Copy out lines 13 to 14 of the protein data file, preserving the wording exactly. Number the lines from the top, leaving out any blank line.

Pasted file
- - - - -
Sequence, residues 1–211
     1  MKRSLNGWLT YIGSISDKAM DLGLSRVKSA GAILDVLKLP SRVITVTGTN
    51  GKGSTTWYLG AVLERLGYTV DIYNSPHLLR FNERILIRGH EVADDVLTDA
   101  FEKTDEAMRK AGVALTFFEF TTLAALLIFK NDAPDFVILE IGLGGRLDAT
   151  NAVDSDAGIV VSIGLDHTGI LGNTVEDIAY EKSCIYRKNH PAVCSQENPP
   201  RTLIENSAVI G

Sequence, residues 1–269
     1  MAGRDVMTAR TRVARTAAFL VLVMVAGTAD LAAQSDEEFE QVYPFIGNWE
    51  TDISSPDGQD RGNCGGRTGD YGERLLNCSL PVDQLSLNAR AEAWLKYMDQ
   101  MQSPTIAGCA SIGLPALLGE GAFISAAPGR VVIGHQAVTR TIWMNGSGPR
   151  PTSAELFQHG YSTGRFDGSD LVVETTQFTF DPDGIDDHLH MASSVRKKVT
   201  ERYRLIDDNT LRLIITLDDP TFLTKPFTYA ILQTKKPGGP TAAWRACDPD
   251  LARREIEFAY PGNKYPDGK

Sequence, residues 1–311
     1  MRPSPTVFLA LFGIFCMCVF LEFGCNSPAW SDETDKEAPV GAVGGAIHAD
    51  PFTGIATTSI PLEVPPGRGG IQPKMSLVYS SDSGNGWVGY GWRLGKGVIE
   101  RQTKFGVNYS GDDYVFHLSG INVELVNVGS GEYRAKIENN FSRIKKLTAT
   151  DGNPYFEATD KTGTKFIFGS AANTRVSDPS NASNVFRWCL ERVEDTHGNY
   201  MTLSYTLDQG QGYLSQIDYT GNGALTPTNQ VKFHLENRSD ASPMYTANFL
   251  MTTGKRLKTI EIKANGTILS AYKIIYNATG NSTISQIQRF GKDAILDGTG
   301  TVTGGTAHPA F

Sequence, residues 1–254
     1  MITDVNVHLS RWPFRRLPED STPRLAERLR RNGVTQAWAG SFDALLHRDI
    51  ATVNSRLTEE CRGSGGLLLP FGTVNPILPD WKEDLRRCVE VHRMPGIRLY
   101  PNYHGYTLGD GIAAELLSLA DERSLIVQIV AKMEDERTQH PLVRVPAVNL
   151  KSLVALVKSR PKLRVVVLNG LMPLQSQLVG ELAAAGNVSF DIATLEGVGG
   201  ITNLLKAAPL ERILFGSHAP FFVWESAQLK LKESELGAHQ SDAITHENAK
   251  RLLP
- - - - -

   251  LARREIEFAY PGNKYPDGK

Sequence, residues 1–311